Their route from Jerusalem to Caesarea took them through Antipatris: “So the soldiers, in accordance with their orders, took Paul and brought him by night to Antipatris” (Acts 23:31).

Antipatris, a stopping point on Paul’s escort to Caesarea. Photo ©Leon Mauldin.

This past March, Ferrell Jenkins and I saw the RACE Show (Roman Army and Chariot Experience) in the Roman amphitheater at Jerash of the Decapolis (in today’s Jordan). This helps us visualize the Roman soldiers/spearmen that would have accompanied Paul.

Roman soldiers (actors) at Jerash of the Decapolis. Photo ©Leon Mauldin.

From there Paul was taken on to Caesarea: “But the next day, leaving the horsemen to go on with him, they returned to the barracks. When these had come to Caesarea and delivered the letter to the governor, they also presented Paul to him” (Acts 23:32-33).

Caesarea on the Mediterranean coast. Ruins of the Palace. Paul was taken here. Photo ©Leon Mauldin.

The closing verse of Acts 23 records the Governor’s (Felix) reception of Paul: “‘I will give you a hearing after your accusers arrive also,’ giving orders for him to be kept in Herod’s Praetorium” (v.35). There is on-site at Caesarea some artwork that helps us to visualize the Praetorium.

Artwork showing Herod’s Palace at Caesarea. Photo ©Leon Mauldin.

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The “Horns of Moses”

June 14, 2018

One of the innumerable attractions in Rome which we were able to see last week was that of Michelangelo’s Moses, housed (among other artistic works/artifacts) in the Church of San Pietro in Vincoli. The statue of Moses was sculpted by Italian High Renaissance artist Michelangelo Buonarroti, who created this work in the years 1513-1515. This sculpture was originally commissioned in 1505 by Pope Julius II for his tomb.

Michelangelo’s Moses, in Rome. Photo ©Leon Mauldin.

Moses is here depicted as seated, holding the two tablets of stone. Some suggest the intensity portrayed is meant to represent his holy anger when he cast down the stones upon being confronted with Israel’s idolatry.

But to the point of this post, Moses is seen here with two horns on his head. This is based on a rendering of Exodus 34:29 in the Vulgate, the Latin translation of the Bible in use during Michelangelo’s time. The English Standard Version renders the text, which speaks of Moses coming down from Mt. Sinai after talking with God, “When Moses came down from Mount Sinai, with the two tablets of the testimony in his hand as he came down from the mountain, Moses did not know that the skin of his face shone because he had been talking with God.” The Latin Vulgate renders the Hebrew word qaran, “to shine” as “horned.” Hence the horns on Michelangelo’s Moses.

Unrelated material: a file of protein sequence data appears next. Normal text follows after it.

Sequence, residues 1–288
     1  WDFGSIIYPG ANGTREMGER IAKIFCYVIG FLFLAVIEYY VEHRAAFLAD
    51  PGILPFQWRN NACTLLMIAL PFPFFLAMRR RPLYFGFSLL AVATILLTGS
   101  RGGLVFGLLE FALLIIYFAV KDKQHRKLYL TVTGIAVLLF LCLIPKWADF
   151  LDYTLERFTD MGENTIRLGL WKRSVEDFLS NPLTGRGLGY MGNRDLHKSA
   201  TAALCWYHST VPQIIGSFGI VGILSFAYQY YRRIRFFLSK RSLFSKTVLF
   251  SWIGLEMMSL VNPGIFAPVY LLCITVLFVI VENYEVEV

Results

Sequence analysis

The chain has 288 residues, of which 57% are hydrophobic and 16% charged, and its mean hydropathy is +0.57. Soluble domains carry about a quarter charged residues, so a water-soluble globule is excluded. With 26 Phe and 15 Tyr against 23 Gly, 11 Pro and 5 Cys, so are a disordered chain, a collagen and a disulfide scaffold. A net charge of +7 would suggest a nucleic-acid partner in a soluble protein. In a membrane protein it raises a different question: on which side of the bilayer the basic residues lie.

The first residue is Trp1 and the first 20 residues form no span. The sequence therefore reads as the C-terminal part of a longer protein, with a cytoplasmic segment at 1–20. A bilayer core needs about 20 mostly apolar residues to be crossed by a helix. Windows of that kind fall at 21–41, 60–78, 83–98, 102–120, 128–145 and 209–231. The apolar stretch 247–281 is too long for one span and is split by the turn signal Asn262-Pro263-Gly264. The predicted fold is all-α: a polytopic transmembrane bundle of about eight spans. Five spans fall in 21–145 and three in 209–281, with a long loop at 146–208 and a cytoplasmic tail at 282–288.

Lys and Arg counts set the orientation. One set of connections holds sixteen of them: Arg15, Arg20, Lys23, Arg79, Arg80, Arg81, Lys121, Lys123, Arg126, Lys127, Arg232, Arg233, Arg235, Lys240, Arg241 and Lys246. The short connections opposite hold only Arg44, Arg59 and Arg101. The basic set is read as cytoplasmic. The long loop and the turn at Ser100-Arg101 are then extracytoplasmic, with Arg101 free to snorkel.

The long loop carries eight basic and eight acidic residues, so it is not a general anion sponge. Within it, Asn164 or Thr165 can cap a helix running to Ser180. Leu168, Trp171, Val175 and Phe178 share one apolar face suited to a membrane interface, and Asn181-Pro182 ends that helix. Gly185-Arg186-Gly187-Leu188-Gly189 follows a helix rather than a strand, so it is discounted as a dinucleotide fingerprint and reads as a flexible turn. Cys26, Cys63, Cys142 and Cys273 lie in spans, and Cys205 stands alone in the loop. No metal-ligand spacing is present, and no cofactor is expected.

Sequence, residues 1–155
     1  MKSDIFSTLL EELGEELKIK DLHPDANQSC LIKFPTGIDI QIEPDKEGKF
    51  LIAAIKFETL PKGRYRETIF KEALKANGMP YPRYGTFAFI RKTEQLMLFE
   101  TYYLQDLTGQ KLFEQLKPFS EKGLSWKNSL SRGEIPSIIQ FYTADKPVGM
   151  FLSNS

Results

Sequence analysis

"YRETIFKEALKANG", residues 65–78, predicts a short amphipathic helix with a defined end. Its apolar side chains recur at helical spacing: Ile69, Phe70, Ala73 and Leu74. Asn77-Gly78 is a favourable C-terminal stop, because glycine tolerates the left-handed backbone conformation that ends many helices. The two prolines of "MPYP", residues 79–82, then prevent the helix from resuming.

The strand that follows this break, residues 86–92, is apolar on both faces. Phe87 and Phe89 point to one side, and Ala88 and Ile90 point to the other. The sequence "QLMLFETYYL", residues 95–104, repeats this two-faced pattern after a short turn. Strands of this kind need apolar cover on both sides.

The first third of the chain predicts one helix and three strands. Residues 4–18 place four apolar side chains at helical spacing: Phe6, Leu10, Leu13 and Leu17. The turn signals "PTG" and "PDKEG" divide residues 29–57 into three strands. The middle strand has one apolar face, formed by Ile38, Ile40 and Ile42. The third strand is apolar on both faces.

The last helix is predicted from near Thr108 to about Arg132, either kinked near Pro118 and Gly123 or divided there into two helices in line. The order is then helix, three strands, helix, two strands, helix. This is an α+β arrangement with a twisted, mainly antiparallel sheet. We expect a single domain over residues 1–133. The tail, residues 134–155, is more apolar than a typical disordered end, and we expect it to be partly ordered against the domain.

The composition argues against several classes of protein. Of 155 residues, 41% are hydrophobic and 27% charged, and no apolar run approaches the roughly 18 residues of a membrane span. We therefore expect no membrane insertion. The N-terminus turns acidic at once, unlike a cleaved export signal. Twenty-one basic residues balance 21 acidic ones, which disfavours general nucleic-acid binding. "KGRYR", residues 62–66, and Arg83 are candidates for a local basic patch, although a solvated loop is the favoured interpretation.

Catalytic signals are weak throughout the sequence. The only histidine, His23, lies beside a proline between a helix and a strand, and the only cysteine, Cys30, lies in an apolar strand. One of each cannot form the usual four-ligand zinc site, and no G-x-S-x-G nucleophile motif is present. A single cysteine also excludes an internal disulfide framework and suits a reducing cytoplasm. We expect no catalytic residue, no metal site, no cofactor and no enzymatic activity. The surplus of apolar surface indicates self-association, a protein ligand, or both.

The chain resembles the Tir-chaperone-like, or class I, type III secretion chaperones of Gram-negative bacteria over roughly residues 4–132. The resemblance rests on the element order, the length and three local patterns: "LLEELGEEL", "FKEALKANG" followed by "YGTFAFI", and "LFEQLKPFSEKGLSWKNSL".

The NET Bible contains this translator note:

The word qaran is derived from the noun qeren in the sense of a “ray of light” (see Hab. 3:4). Something of the divine glory remained with Moses. The Greek translation of Aquila and the Latin Vulgate convey the idea that he had horns, the primary meaning of the word from which this word is derived. Some have tried to defend this, saying that the glory appeared like horns or that Moses covered his face with a mask adorned with horns. But in the text the subject of the verb is the skin of Moses’ face.

The statue stands 8 feet, 4 inches and is made of solid marble.

Church of San Pietro in Vincoli, Rome. Photo ©Leon Mauldin.

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Bologna’s Sea-god Neptune, and More

June 9, 2018

As we continued our travels in Italy, we left Florence this morning and made a lunch stop at Bologna where we saw a statue of the Roman Sea-god Neptune at the square.

Portion of city square at Bologna, Italy. Sea-god Neptune is seen at far left center. Photo by Leon Mauldin.

As we traveled north we crossed the Po River. The terrain had changed as we left the hills and saw flat, very fertile, farmland.

Po River. Photo by Leon Mauldin.